Well, this is only about a month later than I promised. But, like The Joker, I am a man of my word, and I’m here to deliver you the goods. This is the first installment of what hopefully will be a long-running monthly feature, one that replaces last year’s Franco Files. I think in order to ensure that this lasts as long as it can, I might need some suggestions from you all. If you have any, please by all means share them in the comments below. I’m always looking to stumble on another great JCR character!
One thing I really forgot to mention last time is that due to the detailed nature of this feature, there are going to be SPOILERS APLENTY in a lot of these posts, so if you are wanting to avoid that kind of stuff, maybe you should proceed with caution. Jus’ sayin’. . . . .
Oh yes, and one more thing: I’m replacing TFF‘s ‘Out of Character’ portion in this feature — that was the part where I tried to find a quote that James Franco said relating to that particular character. Instead of it being a quote from the actor, it’ll be something JCR’s character says that I find truly represents him in that film. That section will now be called ‘That’s what he said.’ Yes, indeed.
John C. Reilly as Officer Jim Kurring in Paul Thomas Anderson’s Magnolia
Role Type: Supporting
Character Profile: Officer Jim Kurring isn’t exactly a man of confidence but he respects the badge and uniform he’s been “blessed with” and it’s no question that he respects his job as well as the work of his fellow officers on the force. But because of his rather mild-mannered, passive demeanor he finds himself often on the losing end of making significant contributions to police work, frequently getting pushed to the side so other officers can take credit for discoveries that he himself has made (like the body in Marcie’s closet).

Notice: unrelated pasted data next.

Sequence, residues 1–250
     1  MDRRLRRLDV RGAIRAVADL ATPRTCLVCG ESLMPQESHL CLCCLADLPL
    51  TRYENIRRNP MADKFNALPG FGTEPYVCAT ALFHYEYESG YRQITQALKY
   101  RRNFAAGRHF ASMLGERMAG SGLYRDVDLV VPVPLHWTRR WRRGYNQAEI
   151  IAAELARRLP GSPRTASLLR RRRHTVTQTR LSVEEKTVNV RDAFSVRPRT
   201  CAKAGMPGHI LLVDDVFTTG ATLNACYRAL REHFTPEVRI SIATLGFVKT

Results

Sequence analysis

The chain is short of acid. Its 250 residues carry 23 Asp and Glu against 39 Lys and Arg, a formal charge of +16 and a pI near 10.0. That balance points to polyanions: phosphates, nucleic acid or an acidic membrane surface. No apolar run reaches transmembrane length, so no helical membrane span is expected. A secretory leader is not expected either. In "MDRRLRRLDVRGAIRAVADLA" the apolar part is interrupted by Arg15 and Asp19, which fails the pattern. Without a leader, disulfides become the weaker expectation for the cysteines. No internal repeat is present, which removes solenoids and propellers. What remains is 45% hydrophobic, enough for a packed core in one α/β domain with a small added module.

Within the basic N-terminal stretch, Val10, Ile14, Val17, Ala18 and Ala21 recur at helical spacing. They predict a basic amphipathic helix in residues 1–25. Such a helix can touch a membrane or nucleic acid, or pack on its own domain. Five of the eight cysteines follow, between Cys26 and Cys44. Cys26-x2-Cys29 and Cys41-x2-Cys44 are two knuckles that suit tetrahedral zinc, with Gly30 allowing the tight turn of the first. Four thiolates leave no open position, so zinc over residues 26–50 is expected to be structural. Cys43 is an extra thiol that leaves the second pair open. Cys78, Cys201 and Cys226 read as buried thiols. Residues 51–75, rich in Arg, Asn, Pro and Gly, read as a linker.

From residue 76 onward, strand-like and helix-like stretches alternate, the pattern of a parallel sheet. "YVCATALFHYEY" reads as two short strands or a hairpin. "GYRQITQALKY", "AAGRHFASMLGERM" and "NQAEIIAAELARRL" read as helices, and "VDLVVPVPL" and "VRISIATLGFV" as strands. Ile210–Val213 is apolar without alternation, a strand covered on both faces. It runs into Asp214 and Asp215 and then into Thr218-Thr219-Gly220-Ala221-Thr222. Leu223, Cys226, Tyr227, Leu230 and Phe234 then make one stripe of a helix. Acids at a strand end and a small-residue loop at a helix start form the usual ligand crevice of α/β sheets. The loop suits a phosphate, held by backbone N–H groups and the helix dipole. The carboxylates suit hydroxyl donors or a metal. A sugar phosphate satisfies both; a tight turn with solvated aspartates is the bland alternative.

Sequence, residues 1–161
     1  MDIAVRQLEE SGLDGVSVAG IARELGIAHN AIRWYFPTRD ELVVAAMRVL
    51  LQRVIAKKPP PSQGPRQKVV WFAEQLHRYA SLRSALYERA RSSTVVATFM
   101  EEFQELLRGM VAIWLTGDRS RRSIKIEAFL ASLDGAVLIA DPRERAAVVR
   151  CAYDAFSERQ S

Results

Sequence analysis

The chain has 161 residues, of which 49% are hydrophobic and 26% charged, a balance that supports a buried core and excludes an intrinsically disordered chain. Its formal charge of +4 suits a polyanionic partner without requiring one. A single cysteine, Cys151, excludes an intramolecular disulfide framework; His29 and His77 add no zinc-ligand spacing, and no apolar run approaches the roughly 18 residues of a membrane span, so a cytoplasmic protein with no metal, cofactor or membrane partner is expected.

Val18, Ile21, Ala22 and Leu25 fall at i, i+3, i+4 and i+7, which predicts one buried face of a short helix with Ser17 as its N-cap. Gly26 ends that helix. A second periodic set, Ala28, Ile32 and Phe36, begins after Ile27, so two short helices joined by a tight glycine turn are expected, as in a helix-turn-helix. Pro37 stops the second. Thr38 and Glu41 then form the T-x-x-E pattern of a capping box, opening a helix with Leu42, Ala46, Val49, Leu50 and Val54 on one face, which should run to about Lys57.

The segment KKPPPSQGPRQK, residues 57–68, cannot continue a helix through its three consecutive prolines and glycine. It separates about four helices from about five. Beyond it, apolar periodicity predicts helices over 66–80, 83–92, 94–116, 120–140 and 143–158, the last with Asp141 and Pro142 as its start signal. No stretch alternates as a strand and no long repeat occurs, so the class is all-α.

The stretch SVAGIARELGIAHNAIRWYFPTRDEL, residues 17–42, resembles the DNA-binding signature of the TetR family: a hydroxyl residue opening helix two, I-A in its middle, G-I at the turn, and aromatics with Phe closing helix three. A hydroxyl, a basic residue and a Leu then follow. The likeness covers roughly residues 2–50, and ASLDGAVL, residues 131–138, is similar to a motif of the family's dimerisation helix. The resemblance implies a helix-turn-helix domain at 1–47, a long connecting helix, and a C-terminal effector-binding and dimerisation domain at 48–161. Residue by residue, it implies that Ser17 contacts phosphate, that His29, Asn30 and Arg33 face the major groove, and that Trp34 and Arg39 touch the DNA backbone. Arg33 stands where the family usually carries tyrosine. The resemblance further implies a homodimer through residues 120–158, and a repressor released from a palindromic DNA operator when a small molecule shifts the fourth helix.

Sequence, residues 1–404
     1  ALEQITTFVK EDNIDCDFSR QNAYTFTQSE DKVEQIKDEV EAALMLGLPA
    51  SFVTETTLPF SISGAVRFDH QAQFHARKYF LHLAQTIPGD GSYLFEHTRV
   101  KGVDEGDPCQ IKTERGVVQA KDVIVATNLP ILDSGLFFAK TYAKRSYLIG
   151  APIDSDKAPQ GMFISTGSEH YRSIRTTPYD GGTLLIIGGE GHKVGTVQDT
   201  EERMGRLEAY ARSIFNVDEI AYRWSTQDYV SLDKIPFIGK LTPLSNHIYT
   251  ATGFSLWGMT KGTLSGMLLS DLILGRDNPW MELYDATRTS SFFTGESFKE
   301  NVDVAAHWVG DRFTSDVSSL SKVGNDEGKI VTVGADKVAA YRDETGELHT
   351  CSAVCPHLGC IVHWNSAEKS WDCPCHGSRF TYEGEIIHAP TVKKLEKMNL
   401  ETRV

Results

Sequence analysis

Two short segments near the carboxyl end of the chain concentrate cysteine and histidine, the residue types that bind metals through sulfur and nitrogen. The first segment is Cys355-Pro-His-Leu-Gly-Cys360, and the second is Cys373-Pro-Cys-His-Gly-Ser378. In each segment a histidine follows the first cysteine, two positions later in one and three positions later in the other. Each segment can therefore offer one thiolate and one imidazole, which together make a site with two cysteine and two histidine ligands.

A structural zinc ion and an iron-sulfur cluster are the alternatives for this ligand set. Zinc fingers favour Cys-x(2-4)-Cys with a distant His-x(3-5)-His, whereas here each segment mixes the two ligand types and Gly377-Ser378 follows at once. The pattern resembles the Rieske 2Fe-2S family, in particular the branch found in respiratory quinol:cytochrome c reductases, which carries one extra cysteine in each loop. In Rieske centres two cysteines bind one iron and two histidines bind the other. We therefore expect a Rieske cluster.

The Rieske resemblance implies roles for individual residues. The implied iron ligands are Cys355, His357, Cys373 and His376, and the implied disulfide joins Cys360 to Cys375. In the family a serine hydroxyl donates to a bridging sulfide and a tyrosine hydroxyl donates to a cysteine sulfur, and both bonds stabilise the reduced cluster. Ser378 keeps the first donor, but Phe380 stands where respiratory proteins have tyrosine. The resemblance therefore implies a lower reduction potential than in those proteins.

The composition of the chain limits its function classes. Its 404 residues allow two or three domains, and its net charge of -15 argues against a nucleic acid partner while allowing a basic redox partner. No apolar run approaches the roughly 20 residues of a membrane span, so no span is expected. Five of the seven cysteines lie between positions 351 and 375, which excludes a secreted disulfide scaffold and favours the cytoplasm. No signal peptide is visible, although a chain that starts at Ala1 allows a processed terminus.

If you lose JCR, the film loses: a nuanced portrayal of someone struggling to overcome a lack of confidence in a world that demands it. Mr. Reilly brings his trademark amiability to the role, which in this case means we are not only able to empathize with but almost pity him. Like the various other key players in this epic who are related in one way or another through their trials and tribulations, we want to see him overcome his personal struggle. For me, it was his character I wanted to see succeed more than any other. This may not be Reilly’s most recognizable character but it’s one of his most effective because he is very much an everyman stuck in a rut, and despite the badge and gun, he’s one still searching for meaning in his life.
That’s what he said: “A lot of people think this is just a job that you go to. Take a lunch hour . . . job’s over. Something like that. But it’s a 24-hour deal. No two ways about it. And what most people don’t see, is just how hard it is to do the right thing. People think if I make a judgment call . . . that’s a judgment on them, but that is not what I do. And that’s not what should be done. I have to take everything, and play it as it lays. Sometimes people need a little help. Sometimes people need to be forgiven. And sometimes they need to go to jail. And that is a very tricky thing on my part . . . making that call. I mean, the law is the law. And heck if I’m gonna break it. You can forgive someone. Well, that’s the tough part. What can we forgive? Tough part of the job. Tough part of walking down the street.”
Rate the Performance (relative to his other work):
All content originally published and the reproduction elsewhere without the expressed written consent of the blog owner is prohibited.
Photo credits: http://www.seanax.com